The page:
The Brother Factor by Celeste Behe


Editor’s Note:  Today, I’m so pleased to welcome Celeste Behe as our newest member of the family. Celeste is an incredibly talented and creative writer with a blog of her own at A Perpetual Jubilee.  Welcome Celeste – we’re looking forward to getting to know you and the kids!!  Lisa

A few years ago I accompanied my husband on a business trip to Key West, Florida. One afternoon during our stay I was browsing in a local souvenir shop with one of the conferees’ wives, who was looking for trinkets to bring home to her two young daughters.  She was pleased with her finds:  some pretty shell jewelry and a pair of sequined hair bows. My treasures included a couple of bobble-head turtles, a snow globe holding a displaced parrot, a plastic miniature of Harry Truman’s summer house, and some genuine Key Lime candy (“Product of Canada”).  But I was having a hard time finding a present for 8-year-old Helen.  That is, until I spotted the display of pirate-themed paraphernalia.

“Oh, wow!  Helen will love this!”

I held up a pen encrusted with tiny skulls.  My companion blanched.  I hastily explained that Helen’s unusual interest in all-things-pirate had been sparked by an innocent “Winnie the Pooh” episode in which Pooh and his friends played buccaneer.   The cartoon inspired Helen and two of her older brothers to wield Helen’s Playskool kitchen utensils as daggers, hoist her “Hello Kitty” pillowcase as a Jolly Roger, and appropriate my just-delivered curtain rod for use as a plank to be walked by hapless deck hands.

Helen’s pirate fancy lasted for several months.  But it would probably have been short-lived, had it not been for the Brother Factor.  In a family of four girls and five boys, the Brother Factor has been a force of no small import.  It has quashed meekness in the minority and instigated attitude in the distaff.  The Brother Factor has cut the sugar and stepped up the spice in every female Behe child.  And, as every cook knows, messing with the seasonings can yield mighty interesting results.

Such was the case one day last fall, when some of the children were gathered in the backyard watching Dad set fire to a mound of leaves. The older boys were daring one another to test the theory of spontaneous combustion by holding their extremities close to the flames.  The younger boys were dramatically intoning the voices of burning leaves pleading for mercy.  Meanwhile, Helen, in a curious show of mirth, was swinging her hips and punching the air with abandon.

It wasn’t until our new neighbors stopped by to introduce themselves that Helen decided to embellish her dervish dance with a high-pitched refrain of “ready to ru-u-u-u-u-umble,” punctuated by an occasional shrill “w-o-o-o-HOO!”

“No, we don’t have any…”

“Ready to ru-u-u-u-umble!”

“…girls,” said my neighbor, glancing nervously at Helen.  “Only…”


“…boys,” she said, taking her husband’s hand and readying herself to rumble away from our group.

Of course, there are times when, despite her brothers’ influence, Helen behaves in a manner more typical of a girl her age.  Just last Friday Helen vacuumed the house and then helped me prepare dinner.  Later I found her serenely coloring a page in her “All About Cats” book.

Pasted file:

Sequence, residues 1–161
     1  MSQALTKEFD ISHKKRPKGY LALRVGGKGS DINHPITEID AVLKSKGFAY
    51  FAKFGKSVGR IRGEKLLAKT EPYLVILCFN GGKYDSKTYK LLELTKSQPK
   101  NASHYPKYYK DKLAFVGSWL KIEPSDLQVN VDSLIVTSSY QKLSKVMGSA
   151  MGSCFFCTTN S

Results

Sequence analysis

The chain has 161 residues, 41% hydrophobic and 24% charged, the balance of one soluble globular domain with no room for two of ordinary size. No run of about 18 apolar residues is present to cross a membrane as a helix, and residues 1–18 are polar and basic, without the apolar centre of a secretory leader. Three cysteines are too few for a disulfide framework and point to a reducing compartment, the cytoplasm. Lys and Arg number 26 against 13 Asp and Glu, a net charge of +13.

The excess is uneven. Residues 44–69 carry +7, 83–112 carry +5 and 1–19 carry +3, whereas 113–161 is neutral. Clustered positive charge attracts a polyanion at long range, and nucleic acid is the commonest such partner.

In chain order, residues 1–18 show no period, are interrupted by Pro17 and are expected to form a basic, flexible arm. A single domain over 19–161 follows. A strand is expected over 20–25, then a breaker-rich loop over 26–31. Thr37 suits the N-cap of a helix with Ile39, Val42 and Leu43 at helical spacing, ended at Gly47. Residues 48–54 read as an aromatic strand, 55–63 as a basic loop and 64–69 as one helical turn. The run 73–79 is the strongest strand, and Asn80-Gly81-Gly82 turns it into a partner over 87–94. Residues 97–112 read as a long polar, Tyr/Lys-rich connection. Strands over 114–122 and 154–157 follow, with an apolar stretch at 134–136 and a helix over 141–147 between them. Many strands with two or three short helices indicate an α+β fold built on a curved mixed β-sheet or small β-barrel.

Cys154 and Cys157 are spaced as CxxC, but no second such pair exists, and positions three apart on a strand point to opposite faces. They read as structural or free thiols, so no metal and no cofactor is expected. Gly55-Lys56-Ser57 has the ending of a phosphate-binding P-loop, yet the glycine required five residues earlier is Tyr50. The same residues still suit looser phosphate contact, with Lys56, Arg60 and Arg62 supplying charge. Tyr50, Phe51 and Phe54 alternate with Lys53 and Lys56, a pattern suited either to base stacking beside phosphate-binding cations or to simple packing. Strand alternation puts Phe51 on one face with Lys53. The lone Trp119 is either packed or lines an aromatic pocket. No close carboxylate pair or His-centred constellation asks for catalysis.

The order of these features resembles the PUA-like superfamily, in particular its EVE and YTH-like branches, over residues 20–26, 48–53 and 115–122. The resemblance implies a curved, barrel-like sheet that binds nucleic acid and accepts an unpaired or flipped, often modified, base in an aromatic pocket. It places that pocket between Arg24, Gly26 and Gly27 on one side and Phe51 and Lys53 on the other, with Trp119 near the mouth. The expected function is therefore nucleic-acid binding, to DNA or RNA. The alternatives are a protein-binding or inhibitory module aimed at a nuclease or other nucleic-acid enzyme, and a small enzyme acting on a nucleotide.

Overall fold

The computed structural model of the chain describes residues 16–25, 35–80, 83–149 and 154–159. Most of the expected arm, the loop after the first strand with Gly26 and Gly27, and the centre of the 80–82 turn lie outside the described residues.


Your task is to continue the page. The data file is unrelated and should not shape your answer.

“You’ve been very helpful today, Helen,” I told her.  “How about if we girls have a “fun night”?  We can make a special dessert, then watch a movie together.  Would you like that?”

Helen looked up from a picture of an unfortunate Persian cat colored in vivid fuchsia.

“That depends,” she said sweetly.  “Can we rent ‘Revenge of the Resurrected Aliens of Hyper-Destructive Chaos’?”

Copyright 2010 Celeste Behe


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  1. Susan Kaness on

    Majority does rule, eh? I am the oldest of 16 – 9 girls and 7 boys. Two boys died shortly after birth so 14 of us were raised together until one brother drowned when he was 8 years old. One sister died nine years ago at 55 so now there are 8 sisters and 4 brothers here on earth with 3 brothers and 1 sister who have gone to be with the Lord and our parents. Our family dynamics were much different than yours. The first 5 of us were girls – the last 3 were boys. So females set the tone early on – we played jacks, hop-scotch, paper cut-outs, and jump ropes. By the time the boys came into their own, most of the girls were married with our own families and were more like aunts than sisters. By then, sports were more an option for girls than they were when we older sisters were growing up so the younger sibs were all jocks. Now there are 41 grandchildren and 34 great-grandchildren. They range from a chef, teachers, firefighters, engineers, accountants to a budding rock star. Many are still jocks. Others just remember those days fondly. As the 65 year old matriarch, I am happy I grew up in a simpler time – the 50s. It is much more difficult to be a parent today. I pray for all families. God bless you and your family. Keep writing and modeling what happy, healthy, holy families look like. (My sister, Celeste, is number 12!)

  2. Susan Kaness on

    I just checked your Perpetual Jubilee site and saw the names of a couple of your children. We have a Vincent and a Gerard, too! 🙂

  3. Susan, our Vincent’s middle name is Gerard, and our Gerard’s middle name is Pius. What are the middle names of your Vincent and Gerard?

    My other children are named Grace, Benedict, Clare, Leo, Rose, Dominic, and Helen. And my husband’s name is Michael. Bet you have family members with at least a couple of those names!

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